It’s set to be a tough year for smartphones, and there’s plenty of change afoot as companies battle amid tightening customer purse-strings. The new iPhone is set to arrive over the summer; Palm’s Pre is imminent, and Microsoft have the latest incarnation of Windows Mobile waiting in the wings. Into that fray, HTC launch the Touch Diamond2, likely one of the last smartphones to use WM6.1 and an update to what was considered, when it launched a year ago, one of the game-changing handsets of Microsoft’s platform.
Physically, the Touch Diamond2 is larger in all dimensions than the original Diamond: 108 x 53 x 13.7mm for the new handset, versus 102 x 51 x 11.35mm for its predecessor. It’s also heavier – 117.5g versus 110g – though that’s not noticeable in the hand. Across the front, under the display, there’s a touch-sensitive scroll strip, under which there are four buttons – send, Windows, back and end (which doubles as home) - while on top there’s the power/lock button. The left side has the volume control, while the right is blank; the thin stylus draws out of the lower right-hand corner.
Round the back there’s the new 5-megapixel camera, and HTC have abandoned the textured finish of the first generation handset for a flat panel. Underneath there’s HTC’s ExtUSB port, which carries USB 2.0 and audio signals simultaneously but can also be used with a standard mini-USB plug. Wireless connectivity includes HSDPA (900/2100MHz) and quadband GSM/GPRS/EDGE (850/900/1800/1900MHz) together with WiFi b/g and Bluetooth 2.0+EDR.
Of course, the extra fascia space is given up to a larger touchscreen, now measuring in at 3.2-inches versus the Diamond’s 2.8, and running at 480 x 800 WVGA resolution compared to VGA. It’s an excellent screen, bright and crisp, although the LCD panel appears a little more inset from the touchscreen layer than other HTC handsets. We’ve not noticed any particular usability issue presented by that, however.
In terms of the underlying OS, both the Touch Diamond and the Diamond2 run the same: Windows Mobile 6.1. Where the former device debuted HTC’s TouchFLO 3D, though, the Diamond2 brings with it the latest, PeopleCentric version of the GUI. TouchFLO has gradually evolved from a straightforward skinned launcher to an environment which hides most of WM6.1’s key features. Where the previous version allowed you to read SMS messages but dropped you into the standard messaging app to reply to them, now there’s a threaded TouchFLO messaging system. This is part of PeopleCentric: SMS is one tab of each contact record, along with email and call history, showing you what contact you’ve had with that person.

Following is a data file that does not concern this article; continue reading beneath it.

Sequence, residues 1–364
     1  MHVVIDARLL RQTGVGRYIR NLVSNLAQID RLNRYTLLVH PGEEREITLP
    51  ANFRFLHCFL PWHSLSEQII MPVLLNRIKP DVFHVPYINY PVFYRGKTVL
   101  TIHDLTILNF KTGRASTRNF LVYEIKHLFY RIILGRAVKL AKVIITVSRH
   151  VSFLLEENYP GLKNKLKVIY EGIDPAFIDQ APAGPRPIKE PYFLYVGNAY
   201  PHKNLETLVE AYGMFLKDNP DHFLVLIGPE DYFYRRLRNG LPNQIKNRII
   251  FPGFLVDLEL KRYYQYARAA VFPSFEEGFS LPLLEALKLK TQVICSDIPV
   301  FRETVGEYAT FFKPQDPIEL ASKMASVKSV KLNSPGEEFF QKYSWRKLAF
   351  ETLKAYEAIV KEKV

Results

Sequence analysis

Other aspects, like creating or editing a contact, have had a makeover too. There’s now a more finger-friendly way to add numbers, photos and basic details to contacts, though anything more complex requires you to hit ‘Advanced’ and drop into the old-fashioned dialog. HTC have also kept an eye on upgrading the Diamond2 to Windows Mobile 6.5, with the the switch from a ‘home’ to ‘Windows’ key in keeping with the demands of the new OS. Pressing that – or tapping the on-screen Start icon – now jumps to the Programs pane of TouchFLO 3D, rather than the standard pull-down Start menu. This is, according to HTC, more in line with WM6.5’s default launcher, though for 6.1 users it takes a little getting used to.
TouchFLO 3D’s changes have extended to various pop-up alerts and menus, too. Gone are the standard app menus triggered by the lower-right softkey; they’re now reskinned, better animated, much larger and support kinetic scrolling. Similarly messages like the power-off warning and alarm alerts have been redesigned, and look far more up-to-date. A significant difference is in the behavior of the status bar: where tapping that on an HTC device used to call up a pane of buttons, linked to connectivity, battery status and the like, now it summons a single Notifications page. This has a list of active connections, together with alerts such as New Mail or Missed Call, but confusingly has dropped the battery shortcut. This was always useful to check battery status mid-charge; you now have to access the gage via the Settings menu, an extra few taps.
Elsewhere there’s a new search bar in the browser tab of TouchFLO 3D, which saves a tap, and the new Push Internet feature. This allows you to set up to four different sites which you regularly check, and have the Diamond2 monitor them for you.
1 2 3 Next
(Review Page 1 of 3)